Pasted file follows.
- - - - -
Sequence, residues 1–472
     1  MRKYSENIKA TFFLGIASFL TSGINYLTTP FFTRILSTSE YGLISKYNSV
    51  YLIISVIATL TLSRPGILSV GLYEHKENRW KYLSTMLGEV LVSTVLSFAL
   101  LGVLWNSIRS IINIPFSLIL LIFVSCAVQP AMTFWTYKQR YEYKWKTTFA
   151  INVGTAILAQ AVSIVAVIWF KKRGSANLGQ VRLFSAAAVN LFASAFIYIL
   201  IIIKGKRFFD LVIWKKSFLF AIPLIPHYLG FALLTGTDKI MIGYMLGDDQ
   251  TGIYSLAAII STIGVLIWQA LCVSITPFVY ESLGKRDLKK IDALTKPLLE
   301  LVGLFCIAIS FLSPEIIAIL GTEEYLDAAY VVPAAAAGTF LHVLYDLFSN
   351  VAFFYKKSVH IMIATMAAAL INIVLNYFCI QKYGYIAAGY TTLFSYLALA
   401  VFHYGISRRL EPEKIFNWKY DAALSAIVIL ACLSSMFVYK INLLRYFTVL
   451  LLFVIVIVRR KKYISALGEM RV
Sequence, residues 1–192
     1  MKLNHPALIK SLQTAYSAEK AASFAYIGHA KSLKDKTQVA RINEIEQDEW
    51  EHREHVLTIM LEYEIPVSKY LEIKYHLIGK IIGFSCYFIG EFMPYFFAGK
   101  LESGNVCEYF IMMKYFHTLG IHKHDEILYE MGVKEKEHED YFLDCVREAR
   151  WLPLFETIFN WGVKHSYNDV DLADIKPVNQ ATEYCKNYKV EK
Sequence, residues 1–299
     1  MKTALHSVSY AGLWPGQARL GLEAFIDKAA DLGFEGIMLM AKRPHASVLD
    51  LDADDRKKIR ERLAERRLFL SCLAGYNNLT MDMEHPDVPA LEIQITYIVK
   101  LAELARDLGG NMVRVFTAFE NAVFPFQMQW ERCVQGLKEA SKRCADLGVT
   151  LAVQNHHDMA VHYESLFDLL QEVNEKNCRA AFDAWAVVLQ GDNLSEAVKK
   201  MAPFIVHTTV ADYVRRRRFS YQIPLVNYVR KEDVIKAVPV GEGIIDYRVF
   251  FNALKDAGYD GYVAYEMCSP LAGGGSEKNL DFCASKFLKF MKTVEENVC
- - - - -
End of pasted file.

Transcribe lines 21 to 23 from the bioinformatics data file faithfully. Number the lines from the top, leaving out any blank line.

   151  LAVQNHHDMA VHYESLFDLL QEVNEKNCRA AFDAWAVVLQ GDNLSEAVKK
   201  MAPFIVHTTV ADYVRRRRFS YQIPLVNYVR KEDVIKAVPV GEGIIDYRVF
   251  FNALKDAGYD GYVAYEMCSP LAGGGSEKNL DFCASKFLKF MKTVEENVC